hello it’s Jim from JetsonHacks.com on
today’s show we are looking at the Nvidia Jetson AGX Xavier developer kit NVIDIA was kind enough to send me a
review unit. This is the familiar Jetson box. Let’s open it up. Here’s the Xavier! Let’s see what else is in the box. Okay,
so we have the support guide and the QuickStart guide. Put those aside for a
moment. Here’s the power supply. Plug for the power supply. This appears to be a
USB C to USB A cable. Blue indicates that it’s USB 3.0. Let’s take a closer look at
the Xavier. The footprint of the Xavier is 105 millimeter square, and it is 65
millimeters in height. In comparison let’s take a look at aJetson TX2. The
Jetson TX2 is 170 millimeters square and it’s about 45 to 50 millimeters high
depending on how much at the space you leave underneath the board. The Xavier
weighs 665 grams which is around a pound and a half.
The TX2 was a little bit over a pound. The developer kit consists of two parts.
The top part is the Jetson module itself. The processing components of the Jetson
Xavier module consists of an 8 core NVIDIA Carmel ARM version
8.2 CPU, a 512 core Volta GPU with 64 Tensor Cores, dual deep-learning
accelerators (these are referred to as DLA engines), 16 gigabytes of 256 bit
LPDDR4 memory, 32 gigabytes of emmc memory, a vision accelerator engine,
hardware video encoders and decoders and a hardware audio engine. As usual there’s
more information in the article linked in the description below. The Jetson
module is connected to the carrier board using a 699 pin connector. The carrier
board has the i/o connections. This is the front of the module. This is a USB
3.1 type C connector. This is the USB port that you use to flash the device.
Here’s the power light indicator. 40 pins of GPIO
and a microUSB connector, which is a serial FTDI to USB connection. Here we
have a bi-16 PCIe slot Gen 4 controller. On the back of the device, we have a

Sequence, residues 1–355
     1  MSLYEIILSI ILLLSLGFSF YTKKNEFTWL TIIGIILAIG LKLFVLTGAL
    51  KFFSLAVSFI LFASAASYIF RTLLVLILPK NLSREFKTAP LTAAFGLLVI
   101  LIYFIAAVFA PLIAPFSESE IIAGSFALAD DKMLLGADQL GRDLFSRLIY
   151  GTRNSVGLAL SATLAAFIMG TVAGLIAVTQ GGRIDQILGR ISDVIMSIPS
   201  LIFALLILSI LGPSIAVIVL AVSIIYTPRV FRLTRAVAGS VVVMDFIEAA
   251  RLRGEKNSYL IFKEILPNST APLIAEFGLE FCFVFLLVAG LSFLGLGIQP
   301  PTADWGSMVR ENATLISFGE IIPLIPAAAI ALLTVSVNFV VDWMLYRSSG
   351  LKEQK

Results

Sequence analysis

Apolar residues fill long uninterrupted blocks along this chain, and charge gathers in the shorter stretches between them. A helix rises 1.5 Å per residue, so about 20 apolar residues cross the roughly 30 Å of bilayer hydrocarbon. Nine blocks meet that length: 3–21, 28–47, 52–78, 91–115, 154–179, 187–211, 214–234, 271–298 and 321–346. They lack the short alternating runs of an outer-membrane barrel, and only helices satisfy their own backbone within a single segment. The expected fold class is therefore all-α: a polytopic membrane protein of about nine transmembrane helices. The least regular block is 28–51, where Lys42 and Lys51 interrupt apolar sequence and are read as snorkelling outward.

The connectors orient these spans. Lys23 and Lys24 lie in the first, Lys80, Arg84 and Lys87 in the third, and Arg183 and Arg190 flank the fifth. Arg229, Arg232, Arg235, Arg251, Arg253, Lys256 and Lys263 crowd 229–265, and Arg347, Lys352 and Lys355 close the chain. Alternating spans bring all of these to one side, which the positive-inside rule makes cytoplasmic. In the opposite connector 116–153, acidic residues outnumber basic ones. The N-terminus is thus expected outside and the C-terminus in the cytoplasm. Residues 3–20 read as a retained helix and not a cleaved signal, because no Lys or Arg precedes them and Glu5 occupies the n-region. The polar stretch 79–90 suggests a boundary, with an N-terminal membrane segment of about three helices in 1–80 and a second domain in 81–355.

micro SD card reader. This can also read UFS cards. HDMI 2.0 Here we have a hybrid connector. It’s USB
A type or eSATA. Gigabit Ethernet. Another USB 3.1 type-c connector and a barrel
connector for the 65 watt power supply, which is included in the kit. And on this
side of the kit we have the power button force recovery and the reset button. Let’s take a look underneath the kit. On
the bottom side of the Dev kit we have a camera connector and a M.2 Key E
connector. On the other side of this carrier board is a M.2 Key M connector.
You must remove the Jetson module to access the other side of the carrier
board. The next step after getting the Xavier out of the box is to flash it
using Jetpack. We have another video coming out that will cover that process
in detail. I’ve just finished the Jetpack installation. We’re ready to run some
demos. The Xavier is hooked up to this HDMI display through the HDMI port and
the keyboard and the mouse are connected via a USB hub. We have just finished
installing all the software and some demos. Let’s take a closer look and
switch over to the Xavier screen. Okay now we’re on the Xavier. Let’s take
a quick look around here. We’ll go to our system settings and look at the details.
Here’s the overview. 15.4 gigabytes of memory, processor ARM v8 times 4. This number is a little surprising because we know that there
are eight cores all together. We’ll go over that in a minute. Tegra Xavier,
64-bit OS. So let’s look at the number of cores that are online. It turns out that
we can configure the number of cores online using the NVP model utility.
Let’s query the current mode. We are currently in mode 15-watt. There are
three main modes, 10 watts, 15 watts, and 30 watts. 15 watts emulates a Jetson TX2.
There are seven different MVP models we can run in the stock configuration. They
control the clock frequencies, the GPU frequency and the number of cores that
are online. Let’s switch over to maximum performance mode. When we open up the
system monitor we see that there are eight CPU cores on line.
Let’s close the settings dialog. Reopen it. Details and now there are eight
cores as we expect. Next to the system monitor we have a GPU activity monitor.
The code for this is available on the Github JetsonHacks account. It’s time
to run the demos! This is a CUDA sample, We’ll start this baby up. We can see that we get almost 60 frames
a second, three hundred and some-odd gigaflops per second. The next demo that
we’ll run is one of the VisionWorks samples. This is a Hough transform. You can see that it’s trying to figure
out where the lines in the road are. Here’s another VisionWorks sample. This
estimates motion flow. I like this one because that’s a little doggies in it. And
our third vision work sample is a video stabilizer. We can see the GPU usage down here. The
CPUs aren’t particularly busy at this point. They’re all around 20% or so so.
Let’s run more than one demo at once. So you can see that none of the frame
rates really changed a whole lot here. Tthere still seems to be quite a bit of
computing room to spare. The GPU is a little bit busier now. I
would guess it’s around 50 percent usage. Let’s take a look at our CPUs, they’re in
the 25 to 30 percent range. But it’s a nice little introduction to
what a visual application might look like on the Xavier. If you liked this
video, give it a thumbs up! If you’d like more exciting content like this please
subscribe. Thanks for watching!